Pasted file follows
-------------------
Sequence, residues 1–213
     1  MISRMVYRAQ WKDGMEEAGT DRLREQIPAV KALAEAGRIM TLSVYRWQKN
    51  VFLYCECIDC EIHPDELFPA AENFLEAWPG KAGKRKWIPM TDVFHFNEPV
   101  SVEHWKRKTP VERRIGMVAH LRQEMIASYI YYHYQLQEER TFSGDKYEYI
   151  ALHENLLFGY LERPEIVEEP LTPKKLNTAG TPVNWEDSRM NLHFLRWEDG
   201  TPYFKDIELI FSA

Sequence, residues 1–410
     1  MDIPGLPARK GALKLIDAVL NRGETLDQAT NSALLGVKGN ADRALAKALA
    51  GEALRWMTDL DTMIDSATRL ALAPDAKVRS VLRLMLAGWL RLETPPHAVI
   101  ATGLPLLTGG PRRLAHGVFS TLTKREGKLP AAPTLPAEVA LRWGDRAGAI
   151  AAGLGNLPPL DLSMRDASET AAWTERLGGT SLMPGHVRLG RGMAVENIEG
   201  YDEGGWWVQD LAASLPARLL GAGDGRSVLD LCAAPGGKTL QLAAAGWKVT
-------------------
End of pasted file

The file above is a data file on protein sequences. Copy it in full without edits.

Sequence, residues 1–213
     1  MISRMVYRAQ WKDGMEEAGT DRLREQIPAV KALAEAGRIM TLSVYRWQKN
    51  VFLYCECIDC EIHPDELFPA AENFLEAWPG KAGKRKWIPM TDVFHFNEPV
   101  SVEHWKRKTP VERRIGMVAH LRQEMIASYI YYHYQLQEER TFSGDKYEYI
   151  ALHENLLFGY LERPEIVEEP LTPKKLNTAG TPVNWEDSRM NLHFLRWEDG
   201  TPYFKDIELI FSA

Sequence, residues 1–410
     1  MDIPGLPARK GALKLIDAVL NRGETLDQAT NSALLGVKGN ADRALAKALA
    51  GEALRWMTDL DTMIDSATRL ALAPDAKVRS VLRLMLAGWL RLETPPHAVI
   101  ATGLPLLTGG PRRLAHGVFS TLTKREGKLP AAPTLPAEVA LRWGDRAGAI
   151  AAGLGNLPPL DLSMRDASET AAWTERLGGT SLMPGHVRLG RGMAVENIEG
   201  YDEGGWWVQD LAASLPARLL GAGDGRSVLD LCAAPGGKTL QLAAAGWKVT